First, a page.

League restructuring in Italy has been discussed for several years but it is now coming to fruition. Paul Virgo reports
After a long fight to save their marriage, Serie B finally accepted it had irreconcilably broken down in August and agreed to an amicable divorce from the Italian top flight. Serie A chairmen had been threatening to walk out for years, as they looked on at the Premier League’s success with envy, only to end up half-heartedly agreeing to give it another try. But they showed they meant business this time when they appointed Maurizio Beretta, an executive from outside football, to run the top flight as an independent entity from next year.
When the hurt of being dumped had worn off, the Serie B clubs resigned themselves to the inevitable. Some even managed to console themselves that it was all for the best. “Being alone may become an opportunity to cut out space for ourselves, have more visibility locally and develop new marketing strategies among clubs with common interests,” claimed Vicenza president Giorgio Squinzi.
The two divisions will stay together this season with Beretta, the former director general of Confindustria, Italy’s employers’ confederation, in charge of both before they go their separate ways on July 1, 2010. The big clubs hailed the move as historic. “It’s an important act, one that had been in the [Serie A club] presidents’ minds for about 20 years,” said Juventus president Giovanni Cobolli Gigli. “I think the two leagues will be able to concentrate on their own business while continuing to co-operate. Italian football will become more professional.”
The consequences are unlikely to be as revolutionary as those brought about by the Premier League’s establishment in 1992. For one thing, the concentration of money and titles in the hands of a few giants, which the Premier League cemented in England, has already happened in Italy anyway without a breakaway. What’s more, the separation of Serie A is only from the second division, as Italy’s third and fourth tiers are already run independently.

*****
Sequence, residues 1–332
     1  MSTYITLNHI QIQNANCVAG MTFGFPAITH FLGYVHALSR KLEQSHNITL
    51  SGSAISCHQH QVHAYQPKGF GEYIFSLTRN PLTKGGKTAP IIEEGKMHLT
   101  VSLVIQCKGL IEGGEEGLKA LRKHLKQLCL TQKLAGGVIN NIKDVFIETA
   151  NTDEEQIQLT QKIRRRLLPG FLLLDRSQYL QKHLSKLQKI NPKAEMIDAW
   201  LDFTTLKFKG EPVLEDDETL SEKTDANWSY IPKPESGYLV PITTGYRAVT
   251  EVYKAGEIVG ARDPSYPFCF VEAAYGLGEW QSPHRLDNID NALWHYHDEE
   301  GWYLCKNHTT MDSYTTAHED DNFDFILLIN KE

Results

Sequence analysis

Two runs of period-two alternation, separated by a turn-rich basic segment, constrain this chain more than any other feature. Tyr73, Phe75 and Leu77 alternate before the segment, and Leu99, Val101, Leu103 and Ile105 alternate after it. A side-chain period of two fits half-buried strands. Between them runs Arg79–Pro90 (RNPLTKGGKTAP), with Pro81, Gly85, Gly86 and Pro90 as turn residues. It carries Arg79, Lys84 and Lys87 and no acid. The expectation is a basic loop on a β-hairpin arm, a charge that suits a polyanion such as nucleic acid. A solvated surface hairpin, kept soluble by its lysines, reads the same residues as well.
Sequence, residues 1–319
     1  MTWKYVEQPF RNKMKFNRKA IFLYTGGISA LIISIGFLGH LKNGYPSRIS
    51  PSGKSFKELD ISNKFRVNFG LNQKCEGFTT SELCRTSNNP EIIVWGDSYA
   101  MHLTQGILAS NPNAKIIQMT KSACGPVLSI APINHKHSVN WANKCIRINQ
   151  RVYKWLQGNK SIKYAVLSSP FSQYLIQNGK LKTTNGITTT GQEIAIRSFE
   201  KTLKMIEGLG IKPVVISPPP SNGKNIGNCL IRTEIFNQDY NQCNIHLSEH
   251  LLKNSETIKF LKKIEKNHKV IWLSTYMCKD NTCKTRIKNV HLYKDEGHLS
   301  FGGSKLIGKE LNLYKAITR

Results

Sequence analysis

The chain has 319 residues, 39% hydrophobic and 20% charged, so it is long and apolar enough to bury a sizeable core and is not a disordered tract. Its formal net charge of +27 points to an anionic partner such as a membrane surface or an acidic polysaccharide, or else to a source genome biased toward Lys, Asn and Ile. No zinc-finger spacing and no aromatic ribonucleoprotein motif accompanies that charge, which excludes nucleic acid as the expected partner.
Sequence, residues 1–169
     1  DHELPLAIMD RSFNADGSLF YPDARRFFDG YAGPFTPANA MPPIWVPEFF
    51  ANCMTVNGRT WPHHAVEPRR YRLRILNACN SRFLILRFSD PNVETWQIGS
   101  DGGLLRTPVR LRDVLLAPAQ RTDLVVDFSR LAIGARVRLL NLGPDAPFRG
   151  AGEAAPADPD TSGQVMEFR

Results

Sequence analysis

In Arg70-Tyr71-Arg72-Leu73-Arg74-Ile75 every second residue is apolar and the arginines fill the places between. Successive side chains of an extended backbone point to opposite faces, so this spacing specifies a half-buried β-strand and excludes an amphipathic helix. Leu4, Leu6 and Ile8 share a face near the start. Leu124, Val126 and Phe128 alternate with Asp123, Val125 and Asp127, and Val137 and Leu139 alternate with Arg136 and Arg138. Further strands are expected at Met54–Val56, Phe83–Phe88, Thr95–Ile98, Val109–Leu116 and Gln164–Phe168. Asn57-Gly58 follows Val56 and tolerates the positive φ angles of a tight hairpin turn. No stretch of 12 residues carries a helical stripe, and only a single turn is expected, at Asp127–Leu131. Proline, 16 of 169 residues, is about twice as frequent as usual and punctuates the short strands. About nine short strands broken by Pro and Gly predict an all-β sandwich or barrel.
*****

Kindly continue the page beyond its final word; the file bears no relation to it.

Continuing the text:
And, in contrast with the English case, the split will not have a major impact on the distribution of TV revenues. From the 2010-11 season these will be shared out on the basis of a 2007 law. This ends the system in which clubs negotiate their own deals with TV companies and restores collective bargaining – Serie B will get about seven per cent of the top-flight’s TV money. So while the split is not going help the second division teams that have encountered financial trouble recently, it is not going to make things drastically worse for them either.
Serie A will get to keep all the cash from other sources of income, such as sponsorships, and decision-making will be easier now the second division no longer has a say. But greater autonomy alone will probably not enable it to close the gap in results on and off the field that has opened up with respect to Spain and England over the last decade.
One of Italian football’s biggest problems, for example, is stadium ownership. Serie A clubs cannot use their grounds to generate revenue as most are rented from local councils, part of the reason they are struggling to match the spending power of their European rivals. This also means the clubs have no incentive to invest in the stadiums and many are in a shabby state as a result. But it is a complicated question to solve as the councils are not going to gift the grounds to the clubs.
One of Beretta’s top tasks will be to make sure the government comes good on pledges to pass a law that will help clubs buy the stadium they play in or develop new ones, like Juventus are doing at the site of their old Stadio delle Alpi home.
Another issue is that Serie A sides are handicapped in the transfer market because Italy has high taxes, especially compared to Spain. But here again, all Beretta can do is lobby for change. It is also interesting that the Italians are seeking to follow the English model precisely at a time when Spain’s Primera División, which is still wed to the divison below, seems to be overtaking the Premier League in the prestige stakes.
So while the hope is that the split will be the turning point that sets Italian club football back on the path to the top-dog status it enjoyed in the 1980s, it might end up being a case of Tutto fumo, niente arrosto - All smoke, no roast.
From WSC 272 October 2009